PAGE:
TURKEY has given human rights guarantees that set the stage for a recommendation that it should begin membership talks with the European Union, EU enlargement commissioner Guenter Verheugen said yesterday.
"There are no more obstacles on the table now," Mr Verheugen said after a one-hour meeting with Turkish Prime Minister Recep Tayyip Erdogan.
"There are no further conditions that Turkey must fulfill to enable the European Commission to make a clear recommendation" about when to begin the talks.
Mr Verheugen said that he had been able "to find a final solution for the remaining outstanding issue," alluding to a contentious penal code reform package which has been delayed amid disputes over a clause making adultery illegal.
Turkish media reported that Mr Erdogan had dropped the adultery clause from the reform package. Criminalising adultery is supported by conservative Islamic groups in Turkey.
The EU had warned against the adultery issue holding up the other reforms in the package, which includes laws against rape, paedophilia and torture and improves human rights standards.
EU officials had said that Ankara was unlikely to get the go-ahead to start membership talks without the penal code reform being approved.
Although Mr Verheugen said that that issue had now been resolved, he did not say that a report he is drafting - which is due on October 6 - would give a positive recommendation about whether to meet Turkey's wish for membership talks to start early next year.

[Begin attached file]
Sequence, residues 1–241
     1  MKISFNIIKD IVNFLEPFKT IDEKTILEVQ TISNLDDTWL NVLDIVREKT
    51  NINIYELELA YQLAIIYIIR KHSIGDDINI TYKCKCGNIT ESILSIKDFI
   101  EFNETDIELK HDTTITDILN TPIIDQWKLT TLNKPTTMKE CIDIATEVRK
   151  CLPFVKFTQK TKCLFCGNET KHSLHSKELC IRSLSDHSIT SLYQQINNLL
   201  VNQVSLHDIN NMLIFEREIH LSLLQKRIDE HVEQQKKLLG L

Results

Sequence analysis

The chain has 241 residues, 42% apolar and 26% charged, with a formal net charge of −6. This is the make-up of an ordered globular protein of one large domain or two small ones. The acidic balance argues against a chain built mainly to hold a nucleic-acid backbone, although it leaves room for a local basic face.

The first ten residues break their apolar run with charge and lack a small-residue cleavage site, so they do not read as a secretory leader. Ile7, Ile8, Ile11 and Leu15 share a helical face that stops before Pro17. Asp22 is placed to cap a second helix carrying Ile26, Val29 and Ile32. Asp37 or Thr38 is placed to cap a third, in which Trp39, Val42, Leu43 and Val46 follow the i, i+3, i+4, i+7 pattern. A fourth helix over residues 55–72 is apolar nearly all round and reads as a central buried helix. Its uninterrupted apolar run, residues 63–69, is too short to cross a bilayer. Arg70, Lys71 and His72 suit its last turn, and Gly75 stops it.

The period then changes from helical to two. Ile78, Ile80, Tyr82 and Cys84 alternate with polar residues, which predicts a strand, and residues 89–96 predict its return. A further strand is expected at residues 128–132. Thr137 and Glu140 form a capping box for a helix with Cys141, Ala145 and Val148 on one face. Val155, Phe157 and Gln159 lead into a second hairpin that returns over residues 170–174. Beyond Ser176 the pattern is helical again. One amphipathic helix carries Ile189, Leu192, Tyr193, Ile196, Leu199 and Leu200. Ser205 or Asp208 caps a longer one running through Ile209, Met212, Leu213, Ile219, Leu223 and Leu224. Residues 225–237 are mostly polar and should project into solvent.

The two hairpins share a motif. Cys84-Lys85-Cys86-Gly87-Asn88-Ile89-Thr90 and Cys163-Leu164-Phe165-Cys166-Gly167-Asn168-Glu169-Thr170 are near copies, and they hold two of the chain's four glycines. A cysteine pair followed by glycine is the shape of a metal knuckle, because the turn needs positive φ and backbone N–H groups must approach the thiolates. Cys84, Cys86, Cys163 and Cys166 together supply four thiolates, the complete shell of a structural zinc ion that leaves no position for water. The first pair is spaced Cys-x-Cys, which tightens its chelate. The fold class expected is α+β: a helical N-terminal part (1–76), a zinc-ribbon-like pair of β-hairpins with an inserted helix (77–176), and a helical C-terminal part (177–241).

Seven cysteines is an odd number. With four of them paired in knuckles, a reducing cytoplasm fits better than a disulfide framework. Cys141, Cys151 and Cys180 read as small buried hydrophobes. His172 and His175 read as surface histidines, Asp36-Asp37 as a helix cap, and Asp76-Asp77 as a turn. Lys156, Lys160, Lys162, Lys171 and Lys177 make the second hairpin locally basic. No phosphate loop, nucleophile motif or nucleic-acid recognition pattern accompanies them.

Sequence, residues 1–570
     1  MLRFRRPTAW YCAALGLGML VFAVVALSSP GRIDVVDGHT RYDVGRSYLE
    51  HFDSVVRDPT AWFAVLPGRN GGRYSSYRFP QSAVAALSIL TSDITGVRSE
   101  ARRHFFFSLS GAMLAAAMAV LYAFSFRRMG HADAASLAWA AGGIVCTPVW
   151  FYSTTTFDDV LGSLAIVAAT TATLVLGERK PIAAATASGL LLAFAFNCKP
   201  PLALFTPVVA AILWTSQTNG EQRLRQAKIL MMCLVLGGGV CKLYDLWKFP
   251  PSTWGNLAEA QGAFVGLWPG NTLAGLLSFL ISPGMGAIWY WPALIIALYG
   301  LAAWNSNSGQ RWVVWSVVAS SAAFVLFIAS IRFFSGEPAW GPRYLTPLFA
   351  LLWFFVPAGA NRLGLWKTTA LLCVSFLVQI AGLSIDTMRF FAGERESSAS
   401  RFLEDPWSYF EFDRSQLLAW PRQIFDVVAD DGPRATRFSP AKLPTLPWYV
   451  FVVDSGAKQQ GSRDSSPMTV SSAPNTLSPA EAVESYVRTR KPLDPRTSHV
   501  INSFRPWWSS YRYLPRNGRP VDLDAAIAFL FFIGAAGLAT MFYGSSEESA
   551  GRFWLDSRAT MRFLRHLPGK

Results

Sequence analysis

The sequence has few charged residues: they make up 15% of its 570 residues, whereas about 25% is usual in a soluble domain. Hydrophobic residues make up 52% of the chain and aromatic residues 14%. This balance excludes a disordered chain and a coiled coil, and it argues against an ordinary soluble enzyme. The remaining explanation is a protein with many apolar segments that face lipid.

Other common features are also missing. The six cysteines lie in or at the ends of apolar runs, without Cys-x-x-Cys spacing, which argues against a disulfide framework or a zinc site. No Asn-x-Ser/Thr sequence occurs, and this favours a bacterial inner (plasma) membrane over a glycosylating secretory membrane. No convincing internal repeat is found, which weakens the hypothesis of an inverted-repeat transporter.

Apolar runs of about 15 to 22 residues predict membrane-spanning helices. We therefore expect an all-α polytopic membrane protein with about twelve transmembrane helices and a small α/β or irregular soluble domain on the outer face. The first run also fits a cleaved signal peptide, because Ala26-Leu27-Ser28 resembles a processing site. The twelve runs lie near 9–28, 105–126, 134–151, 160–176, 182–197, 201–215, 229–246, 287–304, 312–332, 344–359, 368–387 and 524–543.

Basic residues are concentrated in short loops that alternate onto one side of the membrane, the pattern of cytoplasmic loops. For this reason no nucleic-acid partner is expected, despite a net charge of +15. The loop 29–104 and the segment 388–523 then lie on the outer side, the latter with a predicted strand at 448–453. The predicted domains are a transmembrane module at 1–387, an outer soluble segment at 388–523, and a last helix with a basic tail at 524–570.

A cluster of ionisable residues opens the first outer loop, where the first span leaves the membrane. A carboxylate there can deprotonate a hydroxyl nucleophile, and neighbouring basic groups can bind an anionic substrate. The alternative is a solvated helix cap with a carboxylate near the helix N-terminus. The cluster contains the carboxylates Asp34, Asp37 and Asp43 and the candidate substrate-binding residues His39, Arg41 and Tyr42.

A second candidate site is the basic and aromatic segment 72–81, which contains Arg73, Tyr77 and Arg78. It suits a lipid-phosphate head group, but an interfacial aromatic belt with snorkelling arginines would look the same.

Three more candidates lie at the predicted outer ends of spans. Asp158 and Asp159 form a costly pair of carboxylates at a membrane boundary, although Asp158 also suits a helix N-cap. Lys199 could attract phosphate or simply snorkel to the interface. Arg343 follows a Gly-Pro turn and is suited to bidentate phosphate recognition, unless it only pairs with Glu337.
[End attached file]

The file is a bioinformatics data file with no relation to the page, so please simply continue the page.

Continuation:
Mr Erdogan said that his government was "taking important steps on reforms" and their implementation.
State Minister Mehmet Aydin, accompanying Mr Erdogan, said that Turkey's governing party would call on parliament to convene in an emergency session on Sunday to quickly pass the penal code.
Mr Erdogan also met European Commission president Romano Prodi and MEPs to soothe growing EU concerns over his country's readiness to start membership talks.
Right-wing MEPs stepped up criticism of Turkey's bid.
"We don't think that we should start negotiations with Turkey," said French conservative Jacques Toubon, asserting that allowing Turkey to join would weaken the bloc.
Commission president-designate Jose Manuel Barroso, another rightwinger, said that he hoped that progress would be made "regarding the possibility of opening talks with Turkey," but he added that the country "does not yet satisfy the criteria" for membership.
On Wednesday, Mr Erdogan said that Turkey had met all the EU political criteria.
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